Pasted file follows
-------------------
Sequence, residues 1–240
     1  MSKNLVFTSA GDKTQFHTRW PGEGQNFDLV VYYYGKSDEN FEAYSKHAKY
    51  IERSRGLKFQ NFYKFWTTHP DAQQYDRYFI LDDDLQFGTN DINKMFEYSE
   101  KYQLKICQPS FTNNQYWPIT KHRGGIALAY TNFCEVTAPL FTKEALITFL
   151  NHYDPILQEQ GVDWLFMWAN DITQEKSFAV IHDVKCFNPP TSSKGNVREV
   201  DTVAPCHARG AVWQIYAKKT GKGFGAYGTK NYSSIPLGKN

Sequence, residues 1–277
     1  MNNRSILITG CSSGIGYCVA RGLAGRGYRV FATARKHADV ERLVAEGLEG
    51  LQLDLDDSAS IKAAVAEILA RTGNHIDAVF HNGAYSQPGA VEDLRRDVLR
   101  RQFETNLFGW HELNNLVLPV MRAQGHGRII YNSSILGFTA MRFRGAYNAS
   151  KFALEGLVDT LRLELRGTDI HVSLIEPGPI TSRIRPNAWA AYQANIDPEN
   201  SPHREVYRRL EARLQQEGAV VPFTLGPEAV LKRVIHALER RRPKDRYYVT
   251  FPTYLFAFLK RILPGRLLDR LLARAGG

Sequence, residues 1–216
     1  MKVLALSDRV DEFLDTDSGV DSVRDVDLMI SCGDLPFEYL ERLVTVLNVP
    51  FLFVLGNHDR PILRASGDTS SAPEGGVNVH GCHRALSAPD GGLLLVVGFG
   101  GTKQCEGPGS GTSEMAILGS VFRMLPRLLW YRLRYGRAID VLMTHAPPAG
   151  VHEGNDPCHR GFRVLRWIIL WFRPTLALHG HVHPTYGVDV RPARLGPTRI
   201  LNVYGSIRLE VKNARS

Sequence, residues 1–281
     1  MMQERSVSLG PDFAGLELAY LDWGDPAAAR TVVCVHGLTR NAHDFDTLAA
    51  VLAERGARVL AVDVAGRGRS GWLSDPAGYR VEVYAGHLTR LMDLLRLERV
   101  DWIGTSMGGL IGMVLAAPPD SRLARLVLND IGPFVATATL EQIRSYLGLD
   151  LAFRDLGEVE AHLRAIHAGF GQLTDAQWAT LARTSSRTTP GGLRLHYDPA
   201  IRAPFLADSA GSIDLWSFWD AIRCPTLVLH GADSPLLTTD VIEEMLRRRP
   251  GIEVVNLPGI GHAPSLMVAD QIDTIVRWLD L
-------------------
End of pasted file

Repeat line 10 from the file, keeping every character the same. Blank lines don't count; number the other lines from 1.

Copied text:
   101  RQFETNLFGW HELNNLVLPV MRAQGHGRII YNSSILGFTA MRFRGAYNAS